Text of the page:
In a small two-storey structure among iron warehouses at Reay Road in Mumbai, a group of visually-challenged persons, 12 men and 15 women, paid the perfect tribute to their hero Louis Braille on his 202nd birth anniversary. Concentrating hard as they slid their fingers on a sheet of paper punctured with hundreds of tiny dots, they identified the patterns of words punched on the paper in the Braille script and read them out aloud for others to listen as part of the competition.
A private company had, as part of its corporate social responsibility, announced that the winners would be awarded a special Louis Braille wristwatch, a part of which is manufactured in France. Says Babita Jaiswal, one of the participants of the competition, “It’s a bigger occasion for us than the New Year’s eve. We are having a reading competition for the first time.”
All partipants are unemployed beneficiaries of the organisation, aged 15-40, who are getting trained at the NAB workshop for vocational jobs that can ensure them a job once they move out of the organisation. From making paper bags, to folders and oil lamps to hats worn by chefs in five-star hotels, the centre trains them in skills that will find them a job, in addition to giving them a stipend of Rs. 75 a day till the training period is completed. They also learn the basics in Braille writing and reading at the workshop.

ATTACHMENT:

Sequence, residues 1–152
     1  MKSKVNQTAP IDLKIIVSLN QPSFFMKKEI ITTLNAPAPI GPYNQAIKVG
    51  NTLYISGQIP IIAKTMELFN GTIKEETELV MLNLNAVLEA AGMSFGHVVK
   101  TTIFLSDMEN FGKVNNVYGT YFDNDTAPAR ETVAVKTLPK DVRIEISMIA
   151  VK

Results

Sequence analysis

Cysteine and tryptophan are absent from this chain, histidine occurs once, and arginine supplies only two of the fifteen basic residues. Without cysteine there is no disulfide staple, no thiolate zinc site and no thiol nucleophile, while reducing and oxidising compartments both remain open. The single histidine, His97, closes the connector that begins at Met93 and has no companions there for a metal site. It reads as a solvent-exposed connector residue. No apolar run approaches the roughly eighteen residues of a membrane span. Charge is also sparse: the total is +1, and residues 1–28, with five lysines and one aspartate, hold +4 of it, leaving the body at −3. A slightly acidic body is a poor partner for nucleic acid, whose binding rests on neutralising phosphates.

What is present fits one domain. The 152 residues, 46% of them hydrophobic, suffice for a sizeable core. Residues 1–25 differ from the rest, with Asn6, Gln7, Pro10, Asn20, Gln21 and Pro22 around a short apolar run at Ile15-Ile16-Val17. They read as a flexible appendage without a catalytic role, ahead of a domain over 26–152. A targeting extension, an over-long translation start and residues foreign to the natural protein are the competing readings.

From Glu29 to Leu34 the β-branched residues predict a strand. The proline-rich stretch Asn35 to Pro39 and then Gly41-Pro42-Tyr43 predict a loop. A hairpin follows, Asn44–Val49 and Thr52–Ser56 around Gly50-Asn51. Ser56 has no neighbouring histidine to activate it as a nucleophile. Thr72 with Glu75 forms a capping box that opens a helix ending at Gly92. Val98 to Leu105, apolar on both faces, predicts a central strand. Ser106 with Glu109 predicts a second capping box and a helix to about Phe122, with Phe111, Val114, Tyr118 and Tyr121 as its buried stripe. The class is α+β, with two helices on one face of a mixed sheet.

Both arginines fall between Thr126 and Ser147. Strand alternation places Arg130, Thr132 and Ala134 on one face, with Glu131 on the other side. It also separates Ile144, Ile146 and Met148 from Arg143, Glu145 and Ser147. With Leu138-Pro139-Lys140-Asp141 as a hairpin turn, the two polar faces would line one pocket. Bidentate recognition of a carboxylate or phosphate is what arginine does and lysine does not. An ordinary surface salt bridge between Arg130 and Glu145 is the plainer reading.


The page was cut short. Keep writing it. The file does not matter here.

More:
Swati Kasare, winner of the competion, beams with happiness as she feels the watch on her left wrist and informs others that the time is 1700 hours. She was the only contender who could read the paragraph written in Braille without stopping or stammering. “The watch costs more than Rs. 600 and I wouldn’t have been able to afford it myself. I am glad to have won.” Runners-up Prashant Salunkhe and Chhaya Barde, who also got the watches, nod in agreement.
The five-year-old centre has managed to survive despite severe funds crunch. Project head Ashok Parihar says it is the enthusiasm of teachers and learners that keep things going. “After the training, we help them in induction into jobs as well. While they are getting trained here, we get orders from big companies to manufacture items such as diyas, paper bags, rakhis etc. This gets us some money but we mostly have to rely on big donations that don’t come by easily.”
Bags and plates made out of waste Braille paper are among the most sold products. “Many a time, these students make mistakes while learning the Braille script that renders the paper they are practising on useless. Such paper is then used to make bags and plates. These are an instant hit amongst buyers when we put up stalls at exhibitions, such as the Kala Ghoda festival.”
The National Institute for the Blind is one of the 250+ nonprofits listed on www.GiveIndia.org. It meets the 49 criteria/norms laid down by GiveIndia that ensure an organisation is both credible and transparent. You too can contribute to their efforts by:
Educating a blind child for a year for Rs. 5,000